The Aquatic Bio-optics and Biogeochemistry Laboratory enables researchers to study the effects of climate change and permafrost thawing on lake water transparency and mixing dynamics and their multiple impacts on the microbial food chain, greenhouse gas emissions, and oxythermal habitat. Research at the Aquatic Bio-Optics and Biogeochemistry Laboratory also focuses on developing optical equipment for early detection of algal and cyanobacterial blooms and other problems related to water browning.
Confocal microscopy and flow cytometry laboratoryThe laboratory is equipped with a four-laser LSRFortessa cytometer that allows high-level multiparametric analyzes to characterize cell populations. A BD FACS Calibur two-laser cytometer is used to perform routine analyzes such as the expression of surface markers. The Zeiss LSM780 confocal microscopy system is a state-of-the-art instrument for the study of various cellular and subcellular biological processes such as intracellular trafficking and localization of pathogen molecules.
Processing and analysis of earth observation images in order to map and model environmental phenomena in the context of climate change. The research team in Environmental and NORdic Remote Sensing (TENOR) works on the development and application of digital approaches and the development of analysis and decision support tools applicable to various contexts by calling upon particularly in hydro-informatics, geomatics and remote sensing. The Environmental Remote Sensing by Drones (TED) laboratory includes different types of drones and a wide range of sensors: two hyperspectral cameras (400-1700 nm), a thermal infrared camera, a multispectral camera with interchangeable filters and a digital camera. The TENOR team also has a computer laboratory equipped with software specialized in image processing and geomatics, as well as field instrumentation (georadar, snow and ice corers, hydrometeorological sensors, etc.) necessary for the development and validation of algorithms.
The Laboratory for Ecotoxicogenomics and Endocrine Disruption (LEPE) brings together the expertise, knowledge, infrastructure and instrumentation necessary to test the effects of contaminants on the health of living organisms. The experiments are carried out in the laboratory, in microcosm, in mesocosm and in the field. The team is developing unique biomarkers for each target species in order to understand and validate the mechanisms of action of contaminants. The group also specializes in the study of endocrine disruptors and has, among other things, ultra-sensitive cell lines that identify contaminants capable of altering the hormonal response.
This pilot laboratory provides the scientific community and industry with its multidisciplinary expertise and state-of-the-art equipment for the development and scaling of fermentation processes as well as the recovery, purification and characterization of various microbial derivatives. Its primary purpose is R & D in the field of biotechnology, and especially value-added products using putrescible residues as raw material.
This laboratory makes it possible to develop, among other things, sustainable approaches to coastal management to counter the erosion caused by climate change. This world-class laboratory is used to simulate swells, tides and high flow currents affecting the majority of coarse-bed streams, such as rivers and the St. Lawrence River. It offers a rich potential of applications, for example: - Model the equilibrium profile of beaches for the stabilization of shorelines; - Model sedimentation in harbors and marinas to plan dredging or control sediment drift; - Study the interaction of currents and waves on coastal structures and at sea; - Model overflow and overflow phenomena due to sea level rise on Canadian coasts; - Simulate the effect of tides on port facilities; - Simulate the effect of ice on banks in the presence of waves and currents; - Model the diffusion of pollutants in complex hydraulic systems; - Design arrangements or soft solutions for coastal protection.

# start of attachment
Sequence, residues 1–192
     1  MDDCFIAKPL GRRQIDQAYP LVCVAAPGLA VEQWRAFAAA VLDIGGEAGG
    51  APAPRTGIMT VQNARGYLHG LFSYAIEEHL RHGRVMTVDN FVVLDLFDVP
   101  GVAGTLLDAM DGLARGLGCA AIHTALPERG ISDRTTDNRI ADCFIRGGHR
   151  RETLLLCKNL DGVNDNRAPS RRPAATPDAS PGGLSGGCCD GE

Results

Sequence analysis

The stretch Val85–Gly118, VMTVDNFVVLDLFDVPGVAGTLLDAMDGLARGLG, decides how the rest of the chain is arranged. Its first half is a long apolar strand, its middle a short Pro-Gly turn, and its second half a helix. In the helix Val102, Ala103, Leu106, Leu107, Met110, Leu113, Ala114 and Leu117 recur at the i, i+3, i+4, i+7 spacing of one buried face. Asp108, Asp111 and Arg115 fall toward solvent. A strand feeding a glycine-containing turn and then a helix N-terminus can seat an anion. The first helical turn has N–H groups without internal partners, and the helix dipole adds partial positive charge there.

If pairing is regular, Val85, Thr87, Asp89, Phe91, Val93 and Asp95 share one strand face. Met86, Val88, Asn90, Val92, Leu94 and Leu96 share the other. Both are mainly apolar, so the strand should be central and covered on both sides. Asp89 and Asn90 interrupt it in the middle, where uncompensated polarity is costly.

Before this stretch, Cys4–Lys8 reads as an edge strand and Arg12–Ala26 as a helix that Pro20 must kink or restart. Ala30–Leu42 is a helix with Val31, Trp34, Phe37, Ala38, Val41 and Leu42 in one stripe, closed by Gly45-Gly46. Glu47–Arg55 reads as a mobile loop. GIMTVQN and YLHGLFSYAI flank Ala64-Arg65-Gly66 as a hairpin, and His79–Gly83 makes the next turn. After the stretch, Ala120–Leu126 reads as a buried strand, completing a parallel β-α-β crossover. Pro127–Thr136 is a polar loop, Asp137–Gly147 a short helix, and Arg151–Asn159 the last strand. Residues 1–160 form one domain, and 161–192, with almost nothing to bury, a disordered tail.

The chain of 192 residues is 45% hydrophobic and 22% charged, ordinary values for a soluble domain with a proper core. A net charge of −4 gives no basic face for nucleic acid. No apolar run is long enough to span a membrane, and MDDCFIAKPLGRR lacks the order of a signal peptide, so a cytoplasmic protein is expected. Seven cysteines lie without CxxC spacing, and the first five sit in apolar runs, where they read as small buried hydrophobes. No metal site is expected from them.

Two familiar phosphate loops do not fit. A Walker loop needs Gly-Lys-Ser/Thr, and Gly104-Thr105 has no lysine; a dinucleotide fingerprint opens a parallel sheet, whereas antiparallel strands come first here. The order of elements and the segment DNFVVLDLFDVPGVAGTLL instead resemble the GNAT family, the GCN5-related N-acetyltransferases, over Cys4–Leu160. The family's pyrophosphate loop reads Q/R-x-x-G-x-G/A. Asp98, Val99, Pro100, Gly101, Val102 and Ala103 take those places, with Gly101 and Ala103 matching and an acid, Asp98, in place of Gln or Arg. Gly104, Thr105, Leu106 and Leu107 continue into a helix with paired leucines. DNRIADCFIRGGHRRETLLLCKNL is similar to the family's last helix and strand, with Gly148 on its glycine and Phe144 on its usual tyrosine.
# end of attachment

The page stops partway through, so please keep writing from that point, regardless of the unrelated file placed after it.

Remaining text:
The research conducted at the Geothermal Open Laboratory is aimed at gaining better understanding of underground heat transfer and flow phenomena for reducing technical risks of geothermal energy. It is an open access laboratory, modeled after open-source software.
This infrastructure measures trace elements in a wide variety of natural matrices ranging from water or soil samples to cellular fractions of living organisms. The laboratory includes: 1) a quadrupole mass spectrometer coupled to an inductive plasma (ICP-MS) 2) a high performance liquid chromatograph (HPLC) 3) an ultracentrifuge 4) two radiation counters (gamma counter and liquid scintillation counter)
This laboratory is used in particular to carry out research work on understanding the environmental fate of energetic materials. The laboratory consists of two experimental pans, the size of which makes it possible to carry out restoration experiments similar to field conditions, but under controlled experimental conditions. These tanks can contain 4 to 9 m3 of soil from contaminated sites or clean soils to which specific contaminants can be added.
This laboratory aims to develop electrolytic techniques and oxidative processes to improve municipal and industrial wastewater treatment systems or replace conventional low efficiency technologies to remove refractory, inorganic and microbial organic contaminants. It includes 4 facilities: - Laboratory treatment and control units - Analytical instrumentation units - Assembly of units, storage of reagents, installation ovens and scales - For heavy lab